Pakistan Elections Bring Neither Democracy, Nor Stability

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Pakistan’s 12th general elections have only exacerbated the country’s polycrises instead of helping resolve any of them. The ubiquitous military establishment may not be as strong as under Zia or Musharraf but it is still able to enforce some of its mandates – even if that results in more political and economic instability. The elections have not resulted in any clear mandate and the anger and resentment by many means that the electoral results will not be accepted by those who lost. And finally, no one appears to care that Pakistan’s economy remains in doldrums and its security situation is only worsening.

In a recent column, former editor of Dawn, Abbas Nasir states “hopes of clarity after the Feb 8 elections have evaporated and a country, perennially in the midst of a crisis, now appears gripped by chaos and in a tailspin, with the wildest of speculation suddenly acquiring an eminently plausible status. That is where we are.”

As Nasir notes, “Pakistan has had endless experiments with military rule or, more accurately, has had endless experiments conducted by military rulers: from Ayub Khan’s martial law to Basic Democracies to Ziaul Haq’s outright military rule and then an attempted civilianisation of that via a partyless election which produced a party-run parliament. And, more recently, the general-chief executive whose martial law was cloaked in civvies but he wielded absolute power from the centre of his empire in Rawalpindi. At some point or the other, each of these military rulers has suffered from a crisis of legitimacy and tried to hide behind a civilian façade. But, as a number of elections in different eras have demonstrated, the people have always had other ideas.”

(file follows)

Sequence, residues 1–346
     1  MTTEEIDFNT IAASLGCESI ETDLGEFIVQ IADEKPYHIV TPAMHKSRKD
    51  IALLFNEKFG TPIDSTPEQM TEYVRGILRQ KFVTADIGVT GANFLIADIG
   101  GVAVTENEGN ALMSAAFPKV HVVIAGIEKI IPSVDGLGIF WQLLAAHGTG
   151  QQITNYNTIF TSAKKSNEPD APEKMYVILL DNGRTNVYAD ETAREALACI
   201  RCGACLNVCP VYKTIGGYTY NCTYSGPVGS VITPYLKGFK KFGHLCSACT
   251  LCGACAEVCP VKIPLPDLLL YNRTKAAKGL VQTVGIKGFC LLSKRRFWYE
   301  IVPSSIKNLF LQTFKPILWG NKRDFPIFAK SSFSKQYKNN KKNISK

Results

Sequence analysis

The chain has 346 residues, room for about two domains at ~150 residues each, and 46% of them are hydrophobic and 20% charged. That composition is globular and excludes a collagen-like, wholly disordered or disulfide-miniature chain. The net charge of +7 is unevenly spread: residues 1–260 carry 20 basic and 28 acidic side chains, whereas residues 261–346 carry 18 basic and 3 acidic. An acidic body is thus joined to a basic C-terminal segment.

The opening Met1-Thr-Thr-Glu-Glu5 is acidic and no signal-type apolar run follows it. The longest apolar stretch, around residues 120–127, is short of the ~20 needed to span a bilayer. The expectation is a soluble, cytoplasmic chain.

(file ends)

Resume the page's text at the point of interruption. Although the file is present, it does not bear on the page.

Further, as Nasir adds, “rather than strengthen whatever little democracy we have had, the democrats, who are supposed to be its guardians, have turned for help to forces inimical to democracy. Inimical because it challenges and undermines their primacy in decision-making and, more importantly, in resource allocation exercises. Such endless political engineering experiments will always result in some undesirable mutations too. What makes one feel awful is that in a country of some 240 million people, an unacceptably large chunk of which lives below the poverty line, it is the shirtless who will end up bearing the brunt of the fallout.”

Further, Nasir warns that “the best likely outcome one can visualise is this rot lasting for another 12, possibly 18 months. What then? The power players don’t care. You and I don’t count.”

In conclusion, Nasir points out, “For those who truly believe in liberal, democratic values and norms, it may me be difficult to digest but, after the failure of both outright and brazen military rule and politically-engineered hybrid set-ups, the inevitability of civilian-led authoritarianism or our version of fascism stares us in the face.”

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Author: Muhammad Butt